Derrick Wheatt and Laurese Glover addressing the audience
Derrick Wheatt (left) and Laurese Glover addressing the audience.

New law students hear from men freed by Ohio Innocence Project

Two men sat on stools in a ballroom at Tinkham Veale University Center earlier this week, passing a microphone back and forth as they fielded questions from 160 students entering their first year at the Case Western Reserve University School of Law.

It was Day One of orientation, and the “1L’s,” as they’re referred to for short, were already learning a harsh lesson about justice—and how they might soon be working to help others victimized by the legal system, like Derrick Wheatt and Laurese Glover.

It was exactly one week since Wheatt, Glover and a third man, Eugene Johnson, were finally cleared of a conviction for a murder they didn’t commit.

Finally, after burning 18 years in prison. Convicted when they were just 17.

Working with colleagues at the University of Cincinnati’s Ohio Innocence Project (OIP), Carmen Naso, a senior instructor of law, Judith Lipton, associate dean of Experiential Education, and their students in Case Western Reserve’s Milton A. Kramer Law Clinic Center, got their convictions overturned.

“When the system gets it wrong, it’s always a disaster,” Naso told the audience, which also included about 40 new international students. “All the students who have worked on Innocence Project cases in the last five years have been profoundly moved to change this system.

“That could be you,” he said.

The OIP and CWRU law clinic represented Wheatt and Glover and plan to work together on more cases. Several Case Western Reserve law students helped with legal briefs and other preparation in their cases over four semesters. Johnson had other legal representation.

“The East Cleveland Three,” as the case became known in the media, centered on the murder of Clifford Hudson on Strathmore Avenue in East Cleveland, on Feb. 10, 1995.

Key to their conviction was the testimony of a 14-year-old “eyewitness,” who in 2004 recanted her statement, and information from police reports that could have helped the men was not disclosed to the defense.

“The conduct of lawyers was a huge issue in this case,” Lipton, the Honorable Blanche E. Krupansky and Frank W. Vargo Jr. Professor of Law, told the 1L’s, who were scheduled to review an appellate decision in this case today (Thursday). “That’s something we’re going to talk a lot about over the next three years—lawyer conduct.”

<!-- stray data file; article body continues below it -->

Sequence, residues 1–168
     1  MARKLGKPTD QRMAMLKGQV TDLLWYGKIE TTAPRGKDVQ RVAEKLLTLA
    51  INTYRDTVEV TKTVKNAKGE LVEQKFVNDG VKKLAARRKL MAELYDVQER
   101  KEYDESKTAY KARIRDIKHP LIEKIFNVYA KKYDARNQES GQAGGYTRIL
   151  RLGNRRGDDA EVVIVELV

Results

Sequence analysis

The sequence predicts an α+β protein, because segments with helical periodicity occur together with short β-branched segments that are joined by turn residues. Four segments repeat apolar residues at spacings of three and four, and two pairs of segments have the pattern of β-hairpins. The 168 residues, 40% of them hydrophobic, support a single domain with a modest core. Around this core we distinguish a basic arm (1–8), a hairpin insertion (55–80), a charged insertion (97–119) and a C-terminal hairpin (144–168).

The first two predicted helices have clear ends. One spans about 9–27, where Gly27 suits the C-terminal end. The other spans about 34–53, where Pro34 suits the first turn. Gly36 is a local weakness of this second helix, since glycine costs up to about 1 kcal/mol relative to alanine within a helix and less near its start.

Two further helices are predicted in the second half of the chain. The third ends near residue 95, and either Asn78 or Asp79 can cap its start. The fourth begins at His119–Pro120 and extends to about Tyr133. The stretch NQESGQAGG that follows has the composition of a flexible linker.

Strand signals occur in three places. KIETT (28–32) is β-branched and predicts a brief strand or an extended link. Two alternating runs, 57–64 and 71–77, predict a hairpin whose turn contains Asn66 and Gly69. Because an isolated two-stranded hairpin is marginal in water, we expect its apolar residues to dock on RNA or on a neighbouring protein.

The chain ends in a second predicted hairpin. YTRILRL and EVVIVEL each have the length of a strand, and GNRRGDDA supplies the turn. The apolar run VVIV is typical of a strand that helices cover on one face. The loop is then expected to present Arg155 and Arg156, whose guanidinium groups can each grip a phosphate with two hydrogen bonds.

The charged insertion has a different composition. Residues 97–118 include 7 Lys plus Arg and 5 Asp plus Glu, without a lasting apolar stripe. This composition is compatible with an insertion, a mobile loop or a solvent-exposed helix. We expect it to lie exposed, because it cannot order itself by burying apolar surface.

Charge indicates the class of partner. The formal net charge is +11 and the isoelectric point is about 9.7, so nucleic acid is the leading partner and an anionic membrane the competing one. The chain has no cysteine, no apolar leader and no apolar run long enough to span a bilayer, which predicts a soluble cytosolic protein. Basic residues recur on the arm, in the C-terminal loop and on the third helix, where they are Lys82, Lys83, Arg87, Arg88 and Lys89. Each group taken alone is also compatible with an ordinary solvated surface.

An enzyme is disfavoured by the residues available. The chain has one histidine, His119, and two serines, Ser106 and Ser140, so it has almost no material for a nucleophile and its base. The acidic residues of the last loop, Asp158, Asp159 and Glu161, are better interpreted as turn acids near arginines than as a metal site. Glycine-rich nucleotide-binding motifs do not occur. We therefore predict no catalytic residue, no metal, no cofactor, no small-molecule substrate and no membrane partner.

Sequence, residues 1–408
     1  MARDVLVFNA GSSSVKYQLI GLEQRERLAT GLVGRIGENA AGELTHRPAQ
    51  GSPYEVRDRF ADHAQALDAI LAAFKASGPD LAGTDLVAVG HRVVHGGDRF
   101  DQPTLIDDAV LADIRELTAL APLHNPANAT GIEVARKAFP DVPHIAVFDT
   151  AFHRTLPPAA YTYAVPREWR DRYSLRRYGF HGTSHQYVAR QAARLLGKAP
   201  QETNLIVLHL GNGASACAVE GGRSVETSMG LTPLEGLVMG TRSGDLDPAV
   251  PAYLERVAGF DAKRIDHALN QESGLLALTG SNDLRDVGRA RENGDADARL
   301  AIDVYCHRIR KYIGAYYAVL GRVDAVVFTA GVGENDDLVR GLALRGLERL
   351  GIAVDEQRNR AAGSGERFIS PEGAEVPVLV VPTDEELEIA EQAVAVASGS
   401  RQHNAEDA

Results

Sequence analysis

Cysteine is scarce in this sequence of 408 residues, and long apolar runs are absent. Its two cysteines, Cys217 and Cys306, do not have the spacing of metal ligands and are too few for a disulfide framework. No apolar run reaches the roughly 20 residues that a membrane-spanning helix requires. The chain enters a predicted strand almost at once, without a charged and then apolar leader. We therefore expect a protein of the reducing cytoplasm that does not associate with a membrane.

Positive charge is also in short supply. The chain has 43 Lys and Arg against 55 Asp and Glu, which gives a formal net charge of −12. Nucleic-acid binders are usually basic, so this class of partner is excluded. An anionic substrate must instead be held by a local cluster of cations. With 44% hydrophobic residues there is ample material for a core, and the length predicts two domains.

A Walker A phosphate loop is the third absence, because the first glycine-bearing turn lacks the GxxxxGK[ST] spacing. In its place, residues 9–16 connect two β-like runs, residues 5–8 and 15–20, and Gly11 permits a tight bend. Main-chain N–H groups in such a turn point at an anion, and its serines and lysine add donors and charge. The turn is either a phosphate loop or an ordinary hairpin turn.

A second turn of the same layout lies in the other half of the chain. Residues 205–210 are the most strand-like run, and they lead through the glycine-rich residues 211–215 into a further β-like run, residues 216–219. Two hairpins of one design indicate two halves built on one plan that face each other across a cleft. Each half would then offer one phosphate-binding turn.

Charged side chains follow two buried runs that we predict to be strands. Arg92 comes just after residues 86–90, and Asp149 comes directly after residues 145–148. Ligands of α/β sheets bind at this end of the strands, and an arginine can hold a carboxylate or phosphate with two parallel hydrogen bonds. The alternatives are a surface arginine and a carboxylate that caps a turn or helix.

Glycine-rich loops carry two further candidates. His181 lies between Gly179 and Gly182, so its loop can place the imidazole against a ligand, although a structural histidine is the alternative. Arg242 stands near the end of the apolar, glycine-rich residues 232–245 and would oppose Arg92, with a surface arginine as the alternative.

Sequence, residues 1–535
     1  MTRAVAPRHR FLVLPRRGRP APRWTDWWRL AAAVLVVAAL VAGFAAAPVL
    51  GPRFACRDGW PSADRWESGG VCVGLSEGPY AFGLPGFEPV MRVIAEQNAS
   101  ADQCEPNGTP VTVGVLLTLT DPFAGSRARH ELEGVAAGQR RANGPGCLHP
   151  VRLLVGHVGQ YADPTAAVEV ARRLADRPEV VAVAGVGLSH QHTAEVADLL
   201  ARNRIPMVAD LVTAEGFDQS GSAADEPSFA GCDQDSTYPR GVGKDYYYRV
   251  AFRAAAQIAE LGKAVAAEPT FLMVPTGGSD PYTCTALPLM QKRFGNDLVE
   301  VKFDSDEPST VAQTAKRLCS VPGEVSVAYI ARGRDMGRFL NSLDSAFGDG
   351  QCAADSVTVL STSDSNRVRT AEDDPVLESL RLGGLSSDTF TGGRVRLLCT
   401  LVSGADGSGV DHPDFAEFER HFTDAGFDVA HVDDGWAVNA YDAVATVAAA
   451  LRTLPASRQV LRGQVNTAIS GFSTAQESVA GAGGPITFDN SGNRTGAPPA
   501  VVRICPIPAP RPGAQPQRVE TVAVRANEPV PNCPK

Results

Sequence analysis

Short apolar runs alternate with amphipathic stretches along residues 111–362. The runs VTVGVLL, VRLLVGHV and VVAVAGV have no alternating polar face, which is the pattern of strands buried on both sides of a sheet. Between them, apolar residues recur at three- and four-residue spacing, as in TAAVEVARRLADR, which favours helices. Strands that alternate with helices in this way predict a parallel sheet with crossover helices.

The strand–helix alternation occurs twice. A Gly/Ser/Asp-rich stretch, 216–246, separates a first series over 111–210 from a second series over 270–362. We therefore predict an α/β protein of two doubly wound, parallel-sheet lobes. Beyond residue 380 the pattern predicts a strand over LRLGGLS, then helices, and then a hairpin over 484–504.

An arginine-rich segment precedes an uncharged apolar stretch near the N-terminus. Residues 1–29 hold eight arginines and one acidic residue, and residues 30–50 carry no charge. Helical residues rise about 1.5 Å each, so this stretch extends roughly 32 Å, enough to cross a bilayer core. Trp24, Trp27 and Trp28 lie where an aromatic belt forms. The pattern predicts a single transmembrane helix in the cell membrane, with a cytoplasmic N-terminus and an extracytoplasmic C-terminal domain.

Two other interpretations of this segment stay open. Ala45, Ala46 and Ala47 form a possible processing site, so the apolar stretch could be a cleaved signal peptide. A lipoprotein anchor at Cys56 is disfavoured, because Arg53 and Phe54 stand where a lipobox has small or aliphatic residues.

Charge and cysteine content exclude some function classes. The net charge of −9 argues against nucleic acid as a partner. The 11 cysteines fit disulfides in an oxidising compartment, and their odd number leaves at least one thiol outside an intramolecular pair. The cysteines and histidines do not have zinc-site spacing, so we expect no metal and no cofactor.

The case was scheduled to go to trial Aug. 15, but Cuyahoga County Prosecutor Timothy J. McGinty asked Cuyahoga Common Pleas Judge Nancy Margaret Russo to dismiss it after the 8th District Court of Appeals upheld her 2015 decision to overturn the convictions.

In a question-and-answer session following Naso’s overview of the case, the entering law class learned first-hand about the personal cost when the justice system fails.

The students heard how, although the men were innocent, there’s this glaring 20-year employment gap that must be explained in any job interview. Wheatt works in a warehouse; Glover in retail.

They learned that the men weren’t offered services to reintegrate into society or any formal apology or compensation.

How the dreams and aspirations they may have had at 17 are now different.

And how they don’t hold animosity for a county prosecutor at the time, who, it was learned later, had held back information that could have helped their defense cases.

“If I have that in my heart,” Glover said, “then I will never be happy.”

After the presentation, Lipton said she hoped the first-year law students came away from the experience with two important points.

“They’re going to spend the whole first year reading appellate decisions, and I hope this will help them at least think about the stories behind the judges’ decisions, that these are people’s lives,” she said. “The second thing is that, from the very minute they get here, they think about what it means to be a lawyer and what kind of lawyer they want to be.”